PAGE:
As such, Plaintiffs presented evidence to show that g&ls have relatively little political power. It is that part of Plaintiffs’ case that Proponents are trying to defend against in offering this line of evidence.

      Reply
  • 55. JonT  |  May 7, 2010 at 9:58 pm

    Via JMG:

    What a disappointment CNN’s coverage was tonight. But WOW, did Rachel Maddow ever hit it out of the park! JMG reader Curtis observed on Facebook: “The difference in reporting between the two is notable. Probably not coincidental that one is out and one is not.”

    http://joemygod.blogspot.com/2010/05/no-match-maddow-vs-cooper-on-george.html

    At this link are links to both Rachel’s and AC’s segments.

    Rachel’s segment was more to the point regarding the hypocrisy angle, and CNN’s really wasn’t- it was geared more to relating the known facts in the case. Not a bad thing.

    In addition, there was no Dan Savage on the CNN segment as alluded to in an earlier JMG post. Bummer :)

    I guess I can understand why Jo-Vanni could not discuss any sexual activity (since it’s illegal). I hope he fares well through all of this. As for Rekers? Fuck him. Let him burn.

    Reply
    • 56. Kathleen  |  May 7, 2010 at 10:12 pm

      Yeah, I feel the same as you’ve expressed about Rekers. It’s not that I’m without compassion for the guy. I’m sure his must be a bitterly painful existence, defined primarily by shame and self-loathing. However, he’s chosen to turn those feelings into a life’s work of harming glbt people in every way he can find to do so — not just in opposing civil rights, but by producing the despicable pseudo-science that allows NARTH and other “cure the gay” groups to do very real damage to countless individuals.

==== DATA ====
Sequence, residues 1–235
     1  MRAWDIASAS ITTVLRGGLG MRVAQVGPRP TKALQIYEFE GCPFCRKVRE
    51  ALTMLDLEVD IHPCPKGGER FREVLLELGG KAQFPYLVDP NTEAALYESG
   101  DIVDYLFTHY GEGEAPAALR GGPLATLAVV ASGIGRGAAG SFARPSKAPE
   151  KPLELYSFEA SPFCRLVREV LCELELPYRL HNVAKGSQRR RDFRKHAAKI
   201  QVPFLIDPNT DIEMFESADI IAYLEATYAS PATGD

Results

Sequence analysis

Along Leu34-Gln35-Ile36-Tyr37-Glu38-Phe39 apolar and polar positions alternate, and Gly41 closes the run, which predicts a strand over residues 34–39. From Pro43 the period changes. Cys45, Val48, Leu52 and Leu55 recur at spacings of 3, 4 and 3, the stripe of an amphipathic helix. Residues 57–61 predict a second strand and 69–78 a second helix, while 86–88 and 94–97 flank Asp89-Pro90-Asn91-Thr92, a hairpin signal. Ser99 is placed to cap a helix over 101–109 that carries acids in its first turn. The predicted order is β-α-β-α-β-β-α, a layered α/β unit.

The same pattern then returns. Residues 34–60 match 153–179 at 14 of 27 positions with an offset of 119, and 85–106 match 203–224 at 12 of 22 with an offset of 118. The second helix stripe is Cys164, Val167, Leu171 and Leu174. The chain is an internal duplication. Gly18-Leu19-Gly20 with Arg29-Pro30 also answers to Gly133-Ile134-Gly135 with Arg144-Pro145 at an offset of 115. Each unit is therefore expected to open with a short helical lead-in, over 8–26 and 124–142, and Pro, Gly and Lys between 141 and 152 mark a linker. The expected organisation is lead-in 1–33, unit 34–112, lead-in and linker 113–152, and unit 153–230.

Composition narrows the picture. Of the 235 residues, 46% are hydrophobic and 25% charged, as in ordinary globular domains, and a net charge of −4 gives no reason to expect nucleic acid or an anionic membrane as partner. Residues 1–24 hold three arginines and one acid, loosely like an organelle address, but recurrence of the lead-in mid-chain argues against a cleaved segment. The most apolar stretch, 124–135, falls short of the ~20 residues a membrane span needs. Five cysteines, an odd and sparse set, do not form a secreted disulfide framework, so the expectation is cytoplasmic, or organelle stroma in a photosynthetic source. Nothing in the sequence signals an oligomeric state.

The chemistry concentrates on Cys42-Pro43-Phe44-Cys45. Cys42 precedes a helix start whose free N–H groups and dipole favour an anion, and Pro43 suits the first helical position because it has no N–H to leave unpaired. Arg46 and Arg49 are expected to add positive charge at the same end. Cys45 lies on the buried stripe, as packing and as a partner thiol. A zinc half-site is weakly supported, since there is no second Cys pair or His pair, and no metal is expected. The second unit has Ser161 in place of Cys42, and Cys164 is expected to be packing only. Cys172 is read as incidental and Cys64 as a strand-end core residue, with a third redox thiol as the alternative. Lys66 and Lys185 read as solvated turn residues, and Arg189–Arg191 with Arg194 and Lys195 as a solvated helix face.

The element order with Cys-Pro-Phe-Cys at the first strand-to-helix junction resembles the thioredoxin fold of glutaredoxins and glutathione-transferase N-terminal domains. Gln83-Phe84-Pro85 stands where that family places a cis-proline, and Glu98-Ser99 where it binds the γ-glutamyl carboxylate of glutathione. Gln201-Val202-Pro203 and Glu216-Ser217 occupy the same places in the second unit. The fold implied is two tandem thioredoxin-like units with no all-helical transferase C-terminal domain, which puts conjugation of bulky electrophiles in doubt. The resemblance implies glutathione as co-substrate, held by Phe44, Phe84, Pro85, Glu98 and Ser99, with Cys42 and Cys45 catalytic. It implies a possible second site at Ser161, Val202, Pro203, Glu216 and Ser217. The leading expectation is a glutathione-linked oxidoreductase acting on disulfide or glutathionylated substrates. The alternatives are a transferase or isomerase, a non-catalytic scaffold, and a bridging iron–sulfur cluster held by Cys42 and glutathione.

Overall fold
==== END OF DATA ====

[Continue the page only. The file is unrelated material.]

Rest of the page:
It makes me want to scream, cry, rage against the horrid person he is. And, frankly, it makes me very happy to watch this man fall. As far as I’m concerned, he’s brought it on himself.

      As for Jo-Vanni, I don’t think he has any idea just what he’s gotten himself into. I’m sure the Wretched Right will be gunning for him very soon. Joe Jervis (JMG) has reached out to a number of his contacts in Florida to try to find some support for the kid.

      Reply
      • 57. JonT  |  May 7, 2010 at 10:37 pm

        As for Jo-Vanni, I don’t think he has any idea just what he’s gotten himself into. I’m sure the Wretched Right will be gunning for him very soon. Joe Jervis (JMG) has reached out to a number of his contacts in Florida to try to find some support for the kid.

        Yes, I agree. He comes across as a deer in the headlights a little bit in the CNN interview :) But whatever the Wretched Right says, their flock will follow. Mostly. I think that some will begin to see the logical fallacies in their arguments.

        Whether or not Jo-Vanni understands yet what he has wrought, it is a good thing in the long run. And I must give a shout out to JMG for following this so closely and doing what he can to protect him. For me at least, he’s been to go-to guy in tracking this story.

        I only wish I’d had the courage to come out when I was 16. But those were different times, and I was a coward then :) Not a hating one though, so I guess I’m happy about that at least :)

        Reply
      • 58. Kathleen  |  May 7, 2010 at 10:46 pm

        I think that some will begin to see the logical fallacies in their arguments.

        I fear you give them too much credit. I’m sure they’ll just all pray for him, he’ll repent, claim to see the error of his ways and be brought back into the fold. That, or they’ll hang him out to dry and just shore up their defenses around all the other homophobes still in their stable.

        Reply
      • 59. JonT  |  May 7, 2010 at 10:53 pm

        Kathleen: That, or they’ll hang him out to dry and just shore up their defenses around all the other homophobes still in their stable.

        Damn your logic :) You are certainly right – indeed they have already begun the ‘cleansing’, based on his ‘disappearance’ on the various sites (FRC, NARTH, and whatever university he was a professor emeritus at).

        Still – another peg knocked out from under them. :)

        Reply
      • 60. Richard A. Walter (soon to be Walter-Jernigan)  |  May 8, 2010 at 4:06 am